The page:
You can use multiple tools to prevent malware infections and provide cleanup if an infection does occur, to block malicious login attempts, to scan your content for bad URLs, to provide a firewall, block brute-force attacks and many more.

Our recommendations include SucuriWordfenceBulletProof SecurityiThemes Security6Scan SecurityAll In One WP Security & Firewall and Acunetix WP Security.

6. Keep a regular back-up schedule

You’ll want to create and maintain a regular back-up schedule for your blog’s database. You can either do it on your own or you can get a web hosting package that includes automatic back-ups, which I strongly recommend.

Additionally, you can use dedicated plugins to store a copy of your data in your Dropbox, Google Drive or OneDrive account.

It’s essential to keep at least 2 copies or your blog’s database, because malware infections can happen even via backups.

If you know you can restore your data anytime, you’ll feel much more at ease.

7. Check and update your plugins

Plugins make WordPress so much better! The equivalent of “there’s an app for that” in the blogging world is “there’s a plugin for that” – whatever you might need, it can be done.

Most plugins are free, but that degree of convenience also brings responsibilities.

Some rules to follow when using plugins:

    • Never install shady plugins from untrusted sources
    • Always check plugins on to see what rating they have, the comments they received and when the last update was made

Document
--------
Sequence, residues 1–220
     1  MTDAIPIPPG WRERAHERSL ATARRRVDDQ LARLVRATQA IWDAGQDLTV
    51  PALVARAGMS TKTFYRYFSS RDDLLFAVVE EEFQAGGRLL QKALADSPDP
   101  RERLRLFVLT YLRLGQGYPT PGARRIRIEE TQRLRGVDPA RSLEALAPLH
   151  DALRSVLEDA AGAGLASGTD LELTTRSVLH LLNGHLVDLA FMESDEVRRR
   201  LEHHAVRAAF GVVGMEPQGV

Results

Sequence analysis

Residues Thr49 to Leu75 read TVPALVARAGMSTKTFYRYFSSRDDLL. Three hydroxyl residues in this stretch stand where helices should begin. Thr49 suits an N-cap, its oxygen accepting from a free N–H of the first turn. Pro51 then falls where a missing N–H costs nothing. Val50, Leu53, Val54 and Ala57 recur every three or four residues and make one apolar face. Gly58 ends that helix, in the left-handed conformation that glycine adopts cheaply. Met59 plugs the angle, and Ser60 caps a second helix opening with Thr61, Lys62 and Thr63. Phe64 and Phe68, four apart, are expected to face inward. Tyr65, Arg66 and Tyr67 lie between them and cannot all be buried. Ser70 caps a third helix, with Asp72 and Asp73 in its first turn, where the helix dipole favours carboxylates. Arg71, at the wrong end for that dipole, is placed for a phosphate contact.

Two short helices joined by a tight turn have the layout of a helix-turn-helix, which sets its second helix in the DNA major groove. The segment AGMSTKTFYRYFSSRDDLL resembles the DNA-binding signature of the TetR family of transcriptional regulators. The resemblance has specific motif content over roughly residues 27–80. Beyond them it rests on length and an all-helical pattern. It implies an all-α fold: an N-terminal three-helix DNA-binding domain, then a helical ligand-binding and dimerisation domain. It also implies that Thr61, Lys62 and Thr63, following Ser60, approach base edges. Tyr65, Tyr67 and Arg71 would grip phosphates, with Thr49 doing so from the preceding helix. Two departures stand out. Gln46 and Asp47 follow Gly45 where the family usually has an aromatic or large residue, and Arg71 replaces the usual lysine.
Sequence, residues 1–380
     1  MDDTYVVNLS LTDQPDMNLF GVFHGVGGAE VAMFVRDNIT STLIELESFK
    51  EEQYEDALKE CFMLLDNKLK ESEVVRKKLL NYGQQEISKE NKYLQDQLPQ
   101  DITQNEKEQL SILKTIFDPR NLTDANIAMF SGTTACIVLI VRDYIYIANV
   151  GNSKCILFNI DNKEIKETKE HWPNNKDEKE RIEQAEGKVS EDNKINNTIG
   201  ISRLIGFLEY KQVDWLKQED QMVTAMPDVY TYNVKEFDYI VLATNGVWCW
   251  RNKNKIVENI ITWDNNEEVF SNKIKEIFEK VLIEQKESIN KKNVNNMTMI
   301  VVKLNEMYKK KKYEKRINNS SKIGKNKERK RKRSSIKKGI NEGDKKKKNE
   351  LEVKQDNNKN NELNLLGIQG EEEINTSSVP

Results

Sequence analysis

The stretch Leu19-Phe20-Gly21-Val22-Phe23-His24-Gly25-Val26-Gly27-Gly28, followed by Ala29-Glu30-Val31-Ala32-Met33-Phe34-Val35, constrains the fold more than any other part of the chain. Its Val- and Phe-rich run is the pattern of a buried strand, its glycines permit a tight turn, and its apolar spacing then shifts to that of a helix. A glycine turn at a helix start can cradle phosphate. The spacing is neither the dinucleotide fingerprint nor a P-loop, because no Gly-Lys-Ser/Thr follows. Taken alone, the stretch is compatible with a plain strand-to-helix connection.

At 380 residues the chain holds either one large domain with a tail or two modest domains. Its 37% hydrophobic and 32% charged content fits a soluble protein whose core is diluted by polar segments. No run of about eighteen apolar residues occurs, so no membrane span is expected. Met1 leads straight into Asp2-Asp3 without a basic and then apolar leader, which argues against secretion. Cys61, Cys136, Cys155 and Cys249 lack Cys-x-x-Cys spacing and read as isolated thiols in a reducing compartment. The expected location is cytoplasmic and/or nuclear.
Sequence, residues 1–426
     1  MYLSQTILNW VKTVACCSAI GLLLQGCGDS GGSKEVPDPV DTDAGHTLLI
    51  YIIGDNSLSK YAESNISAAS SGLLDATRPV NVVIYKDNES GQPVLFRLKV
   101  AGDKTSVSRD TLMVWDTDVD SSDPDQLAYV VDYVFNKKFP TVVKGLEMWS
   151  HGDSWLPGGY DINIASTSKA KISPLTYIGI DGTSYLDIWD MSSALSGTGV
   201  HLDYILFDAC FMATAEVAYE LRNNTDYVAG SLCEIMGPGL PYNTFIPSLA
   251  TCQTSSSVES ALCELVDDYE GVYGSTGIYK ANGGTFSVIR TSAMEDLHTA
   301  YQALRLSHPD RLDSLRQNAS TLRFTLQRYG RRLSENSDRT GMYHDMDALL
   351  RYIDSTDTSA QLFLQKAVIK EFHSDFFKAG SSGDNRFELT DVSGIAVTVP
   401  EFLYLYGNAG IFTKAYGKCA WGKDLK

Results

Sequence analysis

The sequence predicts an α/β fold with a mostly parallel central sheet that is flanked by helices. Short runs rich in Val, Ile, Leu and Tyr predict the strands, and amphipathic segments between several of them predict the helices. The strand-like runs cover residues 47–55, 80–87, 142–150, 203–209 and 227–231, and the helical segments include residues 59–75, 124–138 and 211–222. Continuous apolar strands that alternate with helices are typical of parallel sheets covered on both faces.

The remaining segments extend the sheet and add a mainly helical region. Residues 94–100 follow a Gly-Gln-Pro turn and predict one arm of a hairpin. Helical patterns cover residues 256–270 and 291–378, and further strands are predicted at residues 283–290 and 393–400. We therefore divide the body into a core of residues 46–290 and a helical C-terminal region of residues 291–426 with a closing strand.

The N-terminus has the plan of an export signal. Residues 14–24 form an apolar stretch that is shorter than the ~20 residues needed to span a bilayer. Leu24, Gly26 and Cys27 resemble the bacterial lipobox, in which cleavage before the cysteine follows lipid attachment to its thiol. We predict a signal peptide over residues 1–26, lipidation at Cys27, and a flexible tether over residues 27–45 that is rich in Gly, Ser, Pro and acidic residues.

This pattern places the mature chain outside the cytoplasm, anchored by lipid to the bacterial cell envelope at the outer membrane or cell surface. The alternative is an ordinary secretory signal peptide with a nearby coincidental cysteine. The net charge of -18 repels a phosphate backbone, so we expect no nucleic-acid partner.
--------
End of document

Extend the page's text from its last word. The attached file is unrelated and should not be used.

old plugin

  • Keep plugins updated at all times! Never ignore an update prompt, as vulnerabilities in plugins are seldom used as attack vectors by cybercriminals
  • Keep an eye on updates for plugins and replace those who don’t update as soon as a new WordPress/blogging platform version is released (or soon after it)
  • Delete old plugins that you don’t use anymore – they clutter your code and can become a gateway for malware infections.

Also, a good tip is to live by “less is more”. Use only the plugins you absolutely need and get rid of the other stuff.

8. Application security

Be mindful of which applications you link to your blog. Always review what type of access these applications request and unlink them when you stop using them.

Also, be careful about embeds, images and other media you use in your posts. Use only legitimate, trusted and verified sources to prevent publishing infected content.